Study patients and eligibility

Adults between the ages of 18 and 65 years diagnosed with pre-XDR-TB or MDRTI/NR accessing TB care services in selected DR TB centres across the country are eligible for the study.

Table 1 provides the detailed eligibility criteria based on which patients visiting the study sites will be screened for participation in the study.

Table 1

Study eligibility criteria

Recruitment process

Potential trial participants who visit the DR-TB centres in the selected trial sites will be approached by the study staff and explained in detail about the study in their native language. Patients willing to participate in the trial will be given a patient information sheet and a consent form explaining all study-related procedures. After obtaining written informed consent, a detailed medical, surgical, medication and alcohol history will be collected to assess the eligibility for trial participation along with investigations as outlined in table 2. The diagnosis of pre-XDR TB will be made by Mycobacterium tuberculosis positivity in the culture of sputum specimen collected within 3 months and with documented resistance to rifamycins with or without isoniazid resistance and, additionally resistant to at least one FQ7 while MDR-TBTI/NR was all of the above AND with documented intolerance or non-response to the current treatment regimen for 6 months or more when the participant was adherent to the treatment regimen. Eligible participants will be enrolled within the next 14 days.

Table 2

Schedule of enrolment, interventions and assessments of a participant in the mBPaL trial

Study regimen and drug dosing

The study participant will be randomised in the ratio of 1:1:1 to receive one of the mentioned treatment regimens:

Arm 1: 26 weeks. BDQ+Pa + LZD (600 mg).

Arm 2: 9 weeks. BDQ+Pa + LZD (600 mg) followed by 17 weeks. BDQ+Pa+ LZD (300 mg).

Arm 3: 13 weeks. BDQ+Pa + LZD (600 mg) followed by 13 weeks. BDQ+Pa+ LZD (300 mg).

Four 100 mg tablets (400 mg) of BDQ will be administered by mouth once a day for 2 weeks, followed by 200 mg (two 100 mg tablets) orally thrice a week for 24 weeks. Pa will be administered as one 200 mg tablet daily for 26 weeks. In arm 2, the LZD dose will be reduced from 600 mg to 300 mg after 9 weeks and 13 weeks in arm 3, irrespective of the smear and culture results. At the time of randomisation, dosing of LZD and other drugs is not weight-based and is pre-fixed in the protocol. LZD is given the ability to interrupt or reduce the dose if needed based on Grade three toxicity. The continuation of the regimen beyond 26 weeks and up to 39 weeks will be based on the culture results of week 16.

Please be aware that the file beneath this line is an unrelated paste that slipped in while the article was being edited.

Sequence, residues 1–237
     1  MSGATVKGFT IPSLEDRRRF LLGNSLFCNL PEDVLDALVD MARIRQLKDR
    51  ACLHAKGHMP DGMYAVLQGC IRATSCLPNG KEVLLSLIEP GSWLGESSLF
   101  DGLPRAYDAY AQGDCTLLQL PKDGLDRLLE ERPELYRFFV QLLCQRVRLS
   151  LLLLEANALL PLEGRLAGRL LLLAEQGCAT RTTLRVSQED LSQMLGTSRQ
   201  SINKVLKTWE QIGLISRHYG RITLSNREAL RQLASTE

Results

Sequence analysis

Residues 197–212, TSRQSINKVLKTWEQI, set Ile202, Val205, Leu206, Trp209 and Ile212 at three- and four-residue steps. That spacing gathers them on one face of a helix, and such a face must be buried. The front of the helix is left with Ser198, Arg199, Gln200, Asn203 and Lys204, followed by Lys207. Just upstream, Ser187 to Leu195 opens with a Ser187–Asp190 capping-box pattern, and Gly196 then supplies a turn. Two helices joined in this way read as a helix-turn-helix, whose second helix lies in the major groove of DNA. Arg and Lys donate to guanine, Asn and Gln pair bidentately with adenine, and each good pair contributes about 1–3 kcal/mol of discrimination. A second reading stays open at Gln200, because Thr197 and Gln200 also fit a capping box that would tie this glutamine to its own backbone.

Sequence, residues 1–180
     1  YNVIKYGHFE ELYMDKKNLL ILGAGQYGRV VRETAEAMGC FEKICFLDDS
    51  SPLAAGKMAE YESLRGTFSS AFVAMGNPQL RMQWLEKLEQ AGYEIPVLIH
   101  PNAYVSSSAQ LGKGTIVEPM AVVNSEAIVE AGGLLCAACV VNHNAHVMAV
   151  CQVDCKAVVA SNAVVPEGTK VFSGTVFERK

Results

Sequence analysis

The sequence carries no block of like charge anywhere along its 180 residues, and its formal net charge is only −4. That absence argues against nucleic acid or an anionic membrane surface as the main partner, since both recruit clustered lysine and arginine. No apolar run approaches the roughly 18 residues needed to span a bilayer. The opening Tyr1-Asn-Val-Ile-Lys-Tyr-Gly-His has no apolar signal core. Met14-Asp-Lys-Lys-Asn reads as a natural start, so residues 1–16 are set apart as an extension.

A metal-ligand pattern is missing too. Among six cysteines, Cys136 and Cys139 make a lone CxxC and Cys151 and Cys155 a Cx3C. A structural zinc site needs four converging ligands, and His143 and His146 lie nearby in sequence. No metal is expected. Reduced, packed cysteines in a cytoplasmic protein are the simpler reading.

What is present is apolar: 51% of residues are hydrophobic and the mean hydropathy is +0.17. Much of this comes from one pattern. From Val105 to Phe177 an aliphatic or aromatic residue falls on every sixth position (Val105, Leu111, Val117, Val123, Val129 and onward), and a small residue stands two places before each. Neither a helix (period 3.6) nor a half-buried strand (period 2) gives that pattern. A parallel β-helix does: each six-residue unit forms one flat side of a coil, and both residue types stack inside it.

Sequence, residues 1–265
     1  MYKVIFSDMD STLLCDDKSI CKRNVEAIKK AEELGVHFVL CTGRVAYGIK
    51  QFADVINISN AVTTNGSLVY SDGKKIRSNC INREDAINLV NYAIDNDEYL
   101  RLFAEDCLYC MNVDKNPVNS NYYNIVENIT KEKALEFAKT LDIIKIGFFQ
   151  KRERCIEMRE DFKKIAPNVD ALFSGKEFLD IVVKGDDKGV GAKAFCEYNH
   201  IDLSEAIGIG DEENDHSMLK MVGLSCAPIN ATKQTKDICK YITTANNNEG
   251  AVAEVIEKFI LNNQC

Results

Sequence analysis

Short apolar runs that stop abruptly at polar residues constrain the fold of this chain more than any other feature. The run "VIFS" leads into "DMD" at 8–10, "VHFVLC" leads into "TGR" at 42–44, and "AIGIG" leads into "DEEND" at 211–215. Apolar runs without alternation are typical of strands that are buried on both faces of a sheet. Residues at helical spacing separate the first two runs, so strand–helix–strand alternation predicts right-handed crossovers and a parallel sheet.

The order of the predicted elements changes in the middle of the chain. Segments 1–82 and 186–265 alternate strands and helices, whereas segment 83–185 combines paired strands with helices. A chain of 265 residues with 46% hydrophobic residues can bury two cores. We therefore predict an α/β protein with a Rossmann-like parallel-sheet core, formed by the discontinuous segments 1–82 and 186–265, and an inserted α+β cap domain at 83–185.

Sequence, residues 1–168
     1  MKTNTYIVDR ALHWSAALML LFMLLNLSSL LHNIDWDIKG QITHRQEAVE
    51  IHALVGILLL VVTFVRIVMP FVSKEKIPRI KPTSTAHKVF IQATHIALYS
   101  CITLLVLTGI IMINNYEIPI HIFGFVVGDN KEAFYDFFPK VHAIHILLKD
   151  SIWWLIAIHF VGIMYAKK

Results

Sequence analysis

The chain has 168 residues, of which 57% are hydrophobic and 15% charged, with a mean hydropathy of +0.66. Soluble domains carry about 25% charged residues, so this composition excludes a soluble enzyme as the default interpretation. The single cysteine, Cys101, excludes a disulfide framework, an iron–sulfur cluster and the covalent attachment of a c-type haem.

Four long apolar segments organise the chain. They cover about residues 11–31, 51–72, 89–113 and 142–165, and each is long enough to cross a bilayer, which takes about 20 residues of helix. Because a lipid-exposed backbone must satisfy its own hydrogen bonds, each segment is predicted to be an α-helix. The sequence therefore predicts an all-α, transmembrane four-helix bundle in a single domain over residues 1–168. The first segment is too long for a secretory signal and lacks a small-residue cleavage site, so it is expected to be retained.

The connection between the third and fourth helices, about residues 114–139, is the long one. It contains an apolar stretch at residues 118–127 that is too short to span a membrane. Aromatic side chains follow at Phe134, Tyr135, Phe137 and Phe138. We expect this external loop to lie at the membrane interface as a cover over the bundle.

Randomisation procedures

A computer-generated list of random numbers using REDCap software will be used for randomisation centrally. The site physician using these computer-generated randomisations will be able to randomise the study participants to any one of the three arms in a ratio of 1:1:1. Block randomisation will be used to randomise participants in the trial. The NIRT statistician will assign the unique study identification number after confirming all the study-related eligibility criteria. There is no blinding in the trial.

Treatment allocation

The study participants will be randomised to receive one of the three treatment regimens in a 1:1:1 ratio using block randomsation. A computer-generated list of random numbers using REDCap software will be used for randomisation centrally. NIRT centre will generate the allocation codes at the time of the study. At the time of patient’s admission to the study, the site physician will be able to randomise them at the site on REDCap software based on predefined factors.

Treatment delivery, compliance and retention

The study participants will be hospitalised for 2 weeks wherever feasible, and study drugs will be administered under supervision. Ambulatory care can also be offered if hospitalisation is not needed. After discharge, medications will be supplied—weekly for the first month, then fortnightly till the third month, and then monthly till the end of treatment. A healthcare provider or a family member will be assigned and trained to supervise the drug intake and monitor adherence to treatment. During the treatment phase, the patient will be reviewed every week for 16 weeks, then monthly until the end of the treatment phase (26/39 weeks). During these visits, a detailed medical history will be collected; adverse drug reactions and tolerability to study drugs will be monitored. The site medical officer does the management of AEs and the causality assessment with the grading of AEs as per Division of AIDS (DAIDS) criteria.8 Treatment adherence will be assessed by reviewing treatment cards, empty pill covers, on-time drug refills and hospital attendance. Offering enhancers such as nutrition supplements, reimbursing nominal costs for loss of wage, or transportation will improve the treatment compliance. Post-treatment follow-up visits will be done for 48 weeks.